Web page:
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Robert Herrick

To Œnone

WHAT conscience, say, is it in thee,
    When I a heart had one,
To take away that heart from me,
    And to retain thy own?

For shame or pity now incline
    To play a loving part;
Either to send me kindly thine,
    Or give me back my heart.

Covet not both; but if thou dost
    Resolve to part with neither,
Why, yet to show that thou art just,
    Take me and mine together!

 
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About the poet
Robert Herrick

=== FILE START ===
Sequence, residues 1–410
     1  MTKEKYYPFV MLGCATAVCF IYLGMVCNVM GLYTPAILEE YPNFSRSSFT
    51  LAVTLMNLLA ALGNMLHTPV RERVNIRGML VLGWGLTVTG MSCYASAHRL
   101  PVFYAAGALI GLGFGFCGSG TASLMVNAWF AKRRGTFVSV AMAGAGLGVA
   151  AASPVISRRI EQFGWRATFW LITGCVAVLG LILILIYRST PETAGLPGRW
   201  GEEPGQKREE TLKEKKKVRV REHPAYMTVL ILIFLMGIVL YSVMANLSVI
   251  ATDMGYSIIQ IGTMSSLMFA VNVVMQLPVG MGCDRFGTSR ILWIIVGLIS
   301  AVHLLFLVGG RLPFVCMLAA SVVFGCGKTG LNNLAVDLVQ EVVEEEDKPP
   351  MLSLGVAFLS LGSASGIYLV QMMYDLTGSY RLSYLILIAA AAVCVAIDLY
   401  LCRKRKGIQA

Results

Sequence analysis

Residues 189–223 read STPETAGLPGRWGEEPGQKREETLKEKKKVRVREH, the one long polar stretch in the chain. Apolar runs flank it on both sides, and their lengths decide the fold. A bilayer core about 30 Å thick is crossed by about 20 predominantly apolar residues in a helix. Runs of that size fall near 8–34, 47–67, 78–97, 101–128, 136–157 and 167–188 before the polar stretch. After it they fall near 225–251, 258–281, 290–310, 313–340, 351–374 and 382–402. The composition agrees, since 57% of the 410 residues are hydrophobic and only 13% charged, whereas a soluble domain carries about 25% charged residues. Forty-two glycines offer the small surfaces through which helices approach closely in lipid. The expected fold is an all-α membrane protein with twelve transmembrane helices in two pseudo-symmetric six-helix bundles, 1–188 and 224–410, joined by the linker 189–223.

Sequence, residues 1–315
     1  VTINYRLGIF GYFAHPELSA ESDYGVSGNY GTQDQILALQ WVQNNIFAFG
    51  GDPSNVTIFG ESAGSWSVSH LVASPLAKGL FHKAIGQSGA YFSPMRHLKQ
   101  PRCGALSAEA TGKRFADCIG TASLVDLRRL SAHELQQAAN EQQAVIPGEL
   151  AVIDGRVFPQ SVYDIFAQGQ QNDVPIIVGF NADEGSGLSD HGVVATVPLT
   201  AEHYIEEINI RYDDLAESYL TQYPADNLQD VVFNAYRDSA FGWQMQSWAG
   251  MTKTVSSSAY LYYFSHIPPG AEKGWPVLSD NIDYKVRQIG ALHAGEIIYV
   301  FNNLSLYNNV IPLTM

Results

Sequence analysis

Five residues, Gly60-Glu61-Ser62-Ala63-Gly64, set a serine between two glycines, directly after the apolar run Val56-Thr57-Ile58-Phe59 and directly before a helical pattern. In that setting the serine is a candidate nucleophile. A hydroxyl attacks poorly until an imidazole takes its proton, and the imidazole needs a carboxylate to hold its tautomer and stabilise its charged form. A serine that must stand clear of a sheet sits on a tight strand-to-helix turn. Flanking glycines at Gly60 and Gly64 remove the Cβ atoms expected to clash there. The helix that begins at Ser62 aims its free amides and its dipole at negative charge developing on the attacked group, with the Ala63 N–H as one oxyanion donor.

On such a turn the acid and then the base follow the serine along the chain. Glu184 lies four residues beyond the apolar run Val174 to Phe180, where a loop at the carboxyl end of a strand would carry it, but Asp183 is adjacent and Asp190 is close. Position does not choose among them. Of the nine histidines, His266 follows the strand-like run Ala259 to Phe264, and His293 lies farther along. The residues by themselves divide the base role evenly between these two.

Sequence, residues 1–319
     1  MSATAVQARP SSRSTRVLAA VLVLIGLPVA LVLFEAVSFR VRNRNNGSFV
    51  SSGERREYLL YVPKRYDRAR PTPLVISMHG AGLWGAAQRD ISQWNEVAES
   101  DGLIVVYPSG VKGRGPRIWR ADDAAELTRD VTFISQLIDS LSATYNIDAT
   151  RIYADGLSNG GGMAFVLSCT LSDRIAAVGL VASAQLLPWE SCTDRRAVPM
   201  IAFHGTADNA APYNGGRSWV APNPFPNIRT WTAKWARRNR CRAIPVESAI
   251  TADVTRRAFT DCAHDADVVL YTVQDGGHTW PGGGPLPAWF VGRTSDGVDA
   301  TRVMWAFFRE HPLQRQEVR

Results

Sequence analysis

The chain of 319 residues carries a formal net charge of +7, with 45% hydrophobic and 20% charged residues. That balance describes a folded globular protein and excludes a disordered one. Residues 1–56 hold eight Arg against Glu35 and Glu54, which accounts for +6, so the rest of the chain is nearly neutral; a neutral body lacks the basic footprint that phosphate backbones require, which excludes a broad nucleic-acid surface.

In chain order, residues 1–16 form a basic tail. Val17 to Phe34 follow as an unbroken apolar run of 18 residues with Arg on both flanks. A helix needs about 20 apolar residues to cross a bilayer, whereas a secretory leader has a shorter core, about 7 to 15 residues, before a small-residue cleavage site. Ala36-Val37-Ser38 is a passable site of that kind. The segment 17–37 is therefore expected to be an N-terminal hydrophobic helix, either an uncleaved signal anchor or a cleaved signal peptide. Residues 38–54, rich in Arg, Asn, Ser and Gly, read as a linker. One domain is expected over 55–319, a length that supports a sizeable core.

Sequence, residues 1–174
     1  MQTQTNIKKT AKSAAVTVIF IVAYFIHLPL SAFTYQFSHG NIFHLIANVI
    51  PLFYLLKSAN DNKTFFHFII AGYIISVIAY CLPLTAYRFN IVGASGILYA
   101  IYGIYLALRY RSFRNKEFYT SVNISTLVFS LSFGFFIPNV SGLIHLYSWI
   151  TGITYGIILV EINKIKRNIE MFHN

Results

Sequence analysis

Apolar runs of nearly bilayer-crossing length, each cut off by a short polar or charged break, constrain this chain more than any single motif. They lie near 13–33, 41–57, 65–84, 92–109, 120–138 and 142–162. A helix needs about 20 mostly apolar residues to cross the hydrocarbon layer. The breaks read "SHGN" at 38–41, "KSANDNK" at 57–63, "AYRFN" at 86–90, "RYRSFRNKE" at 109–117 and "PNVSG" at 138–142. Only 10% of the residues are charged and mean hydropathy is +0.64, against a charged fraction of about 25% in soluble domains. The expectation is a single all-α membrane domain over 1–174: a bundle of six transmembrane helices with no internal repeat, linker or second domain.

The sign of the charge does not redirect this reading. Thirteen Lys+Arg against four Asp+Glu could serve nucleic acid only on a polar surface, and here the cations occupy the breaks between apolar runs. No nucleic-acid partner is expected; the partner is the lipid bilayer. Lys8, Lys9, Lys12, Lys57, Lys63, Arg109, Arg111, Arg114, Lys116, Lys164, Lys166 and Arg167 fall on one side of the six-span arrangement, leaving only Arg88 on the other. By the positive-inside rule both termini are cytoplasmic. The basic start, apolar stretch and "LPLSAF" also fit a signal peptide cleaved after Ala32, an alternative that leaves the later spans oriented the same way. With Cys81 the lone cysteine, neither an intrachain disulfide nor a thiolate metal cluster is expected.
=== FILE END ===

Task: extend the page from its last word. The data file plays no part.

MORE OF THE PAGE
By the same poet
To the Virgins, to make much of Time
Corinna's going a-Maying
To the Western Wind
To Electra
To Violets
To Daffodils
To Blossoms
The Primrose
The Funeral Rites of the Rose
Cherry-Ripe
A Meditation for his Mistress
Delight in Disorder
Upon Julia's Clothes
The Bracelet: To Julia
To Daisies, not to shut so soon
The Night-piece: To Julia
To Music, to becalm his Fever
To Dianeme
To Anthea, who may command him Anything
To the Willow-tree
The Mad Maid's Song
Comfort to a Youth that had lost his Love
To Meadows
A Child's Grace
Epitaph upon a Child that died (i)
Epitaph upon a Child that died (ii)
His Winding-sheet
Litany to the Holy Spirit
 
Related books
Robert Herrick at amazon.com


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